More or less regional autonomy? A qualitative analysis of citizen arguments towards (de)centralization in Belgium

Min Reuchamps, Hannelise Boerjan, Christoph NIESSEN, Francois Randour

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Belgium is often portrayed as a textbook example of gradual federalization. Today, however, a rather new debate among political elites has emerged: whether torefederalize some of the powers that have been devolved to the substate entities. Yet, little is known about how citizens see the issue. The objective of this article is therefore to explore and compare citizens’ arguments for more or less regional autonomy. To this end, three citizen forums focusing on federalism were organized in 2017-2018: one in French, a second one in Dutch and a third one in German. They were transcribed and analysed using thematic analysis. Our results suggest that citizen opinions are justified based on two major argumentative themes: identity and efficiency. While one would expect the former to be of traditional importance, our analysis revealed that considerations about efficiency have taken the lead. This can above all be understood given the advanced stage of the Belgian federalization process, for which considerations of identity are still latently important but explicitly not sufficient enough anymore to justify further dynamics. Finally, our analysis also outlined the existence of additional argumentative frames related to path dependencies and the peculiar situation of Brussels.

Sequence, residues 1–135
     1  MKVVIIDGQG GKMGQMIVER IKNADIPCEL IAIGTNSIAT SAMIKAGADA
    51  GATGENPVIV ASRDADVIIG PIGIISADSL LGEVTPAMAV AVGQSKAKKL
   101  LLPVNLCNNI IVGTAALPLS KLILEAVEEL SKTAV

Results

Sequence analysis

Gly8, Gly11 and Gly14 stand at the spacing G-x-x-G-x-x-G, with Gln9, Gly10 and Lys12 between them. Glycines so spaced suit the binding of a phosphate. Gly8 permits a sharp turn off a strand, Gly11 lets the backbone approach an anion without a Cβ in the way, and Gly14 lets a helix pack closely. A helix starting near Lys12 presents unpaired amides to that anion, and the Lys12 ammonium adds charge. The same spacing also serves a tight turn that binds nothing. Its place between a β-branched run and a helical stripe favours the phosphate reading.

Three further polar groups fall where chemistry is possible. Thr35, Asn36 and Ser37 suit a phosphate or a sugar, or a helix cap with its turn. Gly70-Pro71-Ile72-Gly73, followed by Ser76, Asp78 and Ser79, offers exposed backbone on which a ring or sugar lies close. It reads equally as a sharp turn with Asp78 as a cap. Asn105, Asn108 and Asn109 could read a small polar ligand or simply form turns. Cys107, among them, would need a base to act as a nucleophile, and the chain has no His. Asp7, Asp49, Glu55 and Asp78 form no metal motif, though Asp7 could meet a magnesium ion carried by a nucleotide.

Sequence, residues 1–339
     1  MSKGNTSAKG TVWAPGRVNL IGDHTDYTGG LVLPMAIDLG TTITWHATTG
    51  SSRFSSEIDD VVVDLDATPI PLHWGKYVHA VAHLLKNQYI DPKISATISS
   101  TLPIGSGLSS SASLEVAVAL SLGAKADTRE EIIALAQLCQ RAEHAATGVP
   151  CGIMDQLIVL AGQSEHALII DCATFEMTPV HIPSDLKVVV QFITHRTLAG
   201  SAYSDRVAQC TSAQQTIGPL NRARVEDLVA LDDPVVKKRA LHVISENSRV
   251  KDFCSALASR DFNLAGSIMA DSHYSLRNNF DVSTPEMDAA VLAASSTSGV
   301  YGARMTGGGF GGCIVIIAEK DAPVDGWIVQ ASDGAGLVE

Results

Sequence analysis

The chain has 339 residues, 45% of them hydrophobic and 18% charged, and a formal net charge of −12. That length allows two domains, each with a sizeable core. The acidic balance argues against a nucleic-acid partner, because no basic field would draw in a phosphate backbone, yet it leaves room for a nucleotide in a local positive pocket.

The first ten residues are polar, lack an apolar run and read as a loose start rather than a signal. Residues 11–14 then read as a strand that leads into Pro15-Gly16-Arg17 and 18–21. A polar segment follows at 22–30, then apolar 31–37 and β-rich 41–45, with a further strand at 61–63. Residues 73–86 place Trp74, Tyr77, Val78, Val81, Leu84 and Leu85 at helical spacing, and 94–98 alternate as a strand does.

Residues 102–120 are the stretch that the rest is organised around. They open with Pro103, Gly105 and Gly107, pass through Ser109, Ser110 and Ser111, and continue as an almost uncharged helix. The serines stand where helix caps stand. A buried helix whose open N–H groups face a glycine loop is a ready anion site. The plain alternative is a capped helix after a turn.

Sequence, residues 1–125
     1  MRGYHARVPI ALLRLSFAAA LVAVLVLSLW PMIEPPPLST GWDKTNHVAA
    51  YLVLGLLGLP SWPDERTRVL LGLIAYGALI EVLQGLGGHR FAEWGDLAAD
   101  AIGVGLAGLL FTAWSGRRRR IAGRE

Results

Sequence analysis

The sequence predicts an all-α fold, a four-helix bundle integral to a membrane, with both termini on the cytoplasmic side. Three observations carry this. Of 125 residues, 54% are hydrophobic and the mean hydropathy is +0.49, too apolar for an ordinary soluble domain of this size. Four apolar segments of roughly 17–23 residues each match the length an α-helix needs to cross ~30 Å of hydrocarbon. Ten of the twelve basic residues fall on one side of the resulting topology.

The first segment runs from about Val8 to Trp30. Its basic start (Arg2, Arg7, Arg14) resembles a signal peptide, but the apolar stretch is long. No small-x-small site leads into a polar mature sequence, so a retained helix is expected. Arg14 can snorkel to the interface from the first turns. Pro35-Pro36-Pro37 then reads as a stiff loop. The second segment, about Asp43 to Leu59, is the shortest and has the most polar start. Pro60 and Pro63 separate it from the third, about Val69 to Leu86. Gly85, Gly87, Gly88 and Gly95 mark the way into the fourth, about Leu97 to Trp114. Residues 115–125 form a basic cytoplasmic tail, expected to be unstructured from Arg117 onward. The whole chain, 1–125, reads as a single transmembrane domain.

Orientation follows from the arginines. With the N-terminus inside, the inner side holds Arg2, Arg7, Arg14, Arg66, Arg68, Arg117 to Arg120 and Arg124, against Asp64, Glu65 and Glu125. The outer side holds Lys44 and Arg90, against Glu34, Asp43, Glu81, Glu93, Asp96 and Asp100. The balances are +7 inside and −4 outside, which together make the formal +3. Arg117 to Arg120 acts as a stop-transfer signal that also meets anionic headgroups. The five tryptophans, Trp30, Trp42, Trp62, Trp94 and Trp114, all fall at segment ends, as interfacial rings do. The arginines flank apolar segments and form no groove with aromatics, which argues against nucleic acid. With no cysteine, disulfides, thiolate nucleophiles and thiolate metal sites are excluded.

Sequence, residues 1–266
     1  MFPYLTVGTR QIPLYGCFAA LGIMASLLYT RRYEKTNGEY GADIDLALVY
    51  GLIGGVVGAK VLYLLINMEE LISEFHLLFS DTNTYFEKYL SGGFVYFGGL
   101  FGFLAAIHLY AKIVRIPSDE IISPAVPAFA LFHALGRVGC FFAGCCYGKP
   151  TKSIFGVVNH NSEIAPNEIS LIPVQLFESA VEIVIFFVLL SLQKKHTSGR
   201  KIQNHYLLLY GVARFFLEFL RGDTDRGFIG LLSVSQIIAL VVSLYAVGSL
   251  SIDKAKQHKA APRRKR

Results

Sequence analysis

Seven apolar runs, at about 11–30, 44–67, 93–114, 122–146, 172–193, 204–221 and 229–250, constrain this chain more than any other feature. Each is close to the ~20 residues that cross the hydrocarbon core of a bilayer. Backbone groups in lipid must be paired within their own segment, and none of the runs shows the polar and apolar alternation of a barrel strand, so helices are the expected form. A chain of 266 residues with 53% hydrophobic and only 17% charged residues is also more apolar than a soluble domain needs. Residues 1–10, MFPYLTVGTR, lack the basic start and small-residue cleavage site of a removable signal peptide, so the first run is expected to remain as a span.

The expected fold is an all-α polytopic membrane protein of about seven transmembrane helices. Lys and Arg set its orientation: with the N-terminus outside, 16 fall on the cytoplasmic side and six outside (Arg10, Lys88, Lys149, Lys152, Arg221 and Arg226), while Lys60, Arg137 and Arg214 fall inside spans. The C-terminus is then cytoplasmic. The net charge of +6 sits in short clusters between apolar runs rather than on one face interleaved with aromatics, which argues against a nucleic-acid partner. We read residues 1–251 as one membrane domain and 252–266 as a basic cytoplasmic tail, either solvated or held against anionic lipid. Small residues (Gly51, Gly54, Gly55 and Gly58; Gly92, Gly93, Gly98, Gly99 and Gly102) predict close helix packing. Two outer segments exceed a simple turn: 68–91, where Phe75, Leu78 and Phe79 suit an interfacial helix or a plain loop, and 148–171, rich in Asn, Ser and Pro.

Original languageEnglish
Pages (from-to)225-247
Number of pages23
JournalComparative European Politics
Issue number2
Publication statusPublished - Apr 2021


  • decentralization
  • federalization
  • regional autonomy
  • Belgium
  • citizen attitudes
  • thematic analysis
  • Regional autonomy
  • Federalization
  • Thematic analysis
  • Citizen attitudes
  • Decentralization


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